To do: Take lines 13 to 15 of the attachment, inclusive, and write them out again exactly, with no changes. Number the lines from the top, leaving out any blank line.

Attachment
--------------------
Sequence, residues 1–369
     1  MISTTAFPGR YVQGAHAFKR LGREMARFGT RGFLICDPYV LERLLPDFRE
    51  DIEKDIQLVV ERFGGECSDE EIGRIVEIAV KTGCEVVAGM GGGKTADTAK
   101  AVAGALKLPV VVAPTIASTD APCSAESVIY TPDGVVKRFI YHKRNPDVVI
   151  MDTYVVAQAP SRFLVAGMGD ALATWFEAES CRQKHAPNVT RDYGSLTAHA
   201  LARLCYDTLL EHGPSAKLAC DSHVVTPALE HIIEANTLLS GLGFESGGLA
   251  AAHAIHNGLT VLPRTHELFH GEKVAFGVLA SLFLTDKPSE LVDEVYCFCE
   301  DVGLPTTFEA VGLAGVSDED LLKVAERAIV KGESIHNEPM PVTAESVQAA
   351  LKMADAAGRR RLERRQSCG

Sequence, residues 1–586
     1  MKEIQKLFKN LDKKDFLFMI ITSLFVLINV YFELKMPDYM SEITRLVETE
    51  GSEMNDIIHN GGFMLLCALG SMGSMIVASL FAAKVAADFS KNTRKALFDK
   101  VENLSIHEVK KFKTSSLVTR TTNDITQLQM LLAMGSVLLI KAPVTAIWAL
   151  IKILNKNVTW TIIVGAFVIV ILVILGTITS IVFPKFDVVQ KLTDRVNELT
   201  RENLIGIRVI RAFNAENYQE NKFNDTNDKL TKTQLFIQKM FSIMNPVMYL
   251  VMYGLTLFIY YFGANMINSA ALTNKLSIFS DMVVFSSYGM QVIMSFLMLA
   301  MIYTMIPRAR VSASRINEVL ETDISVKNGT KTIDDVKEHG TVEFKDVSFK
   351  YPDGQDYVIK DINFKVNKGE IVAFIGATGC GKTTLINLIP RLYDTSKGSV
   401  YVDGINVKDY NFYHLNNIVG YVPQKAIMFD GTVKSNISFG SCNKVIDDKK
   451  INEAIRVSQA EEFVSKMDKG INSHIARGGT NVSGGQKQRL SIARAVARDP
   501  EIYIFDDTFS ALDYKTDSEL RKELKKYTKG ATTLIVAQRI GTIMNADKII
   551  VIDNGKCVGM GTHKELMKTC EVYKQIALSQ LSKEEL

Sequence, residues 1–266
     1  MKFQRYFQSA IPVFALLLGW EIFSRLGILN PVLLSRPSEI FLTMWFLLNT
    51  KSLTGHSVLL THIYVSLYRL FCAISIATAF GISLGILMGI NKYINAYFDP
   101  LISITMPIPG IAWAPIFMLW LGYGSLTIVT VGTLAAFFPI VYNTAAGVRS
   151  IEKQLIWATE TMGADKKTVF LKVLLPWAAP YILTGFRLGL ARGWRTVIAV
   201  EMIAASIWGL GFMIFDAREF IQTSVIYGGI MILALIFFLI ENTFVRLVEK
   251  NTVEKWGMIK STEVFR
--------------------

   101  VENLSIHEVK KFKTSSLVTR TTNDITQLQM LLAMGSVLLI KAPVTAIWAL
   151  IKILNKNVTW TIIVGAFVIV ILVILGTITS IVFPKFDVVQ KLTDRVNELT
   201  RENLIGIRVI RAFNAENYQE NKFNDTNDKL TKTQLFIQKM FSIMNPVMYL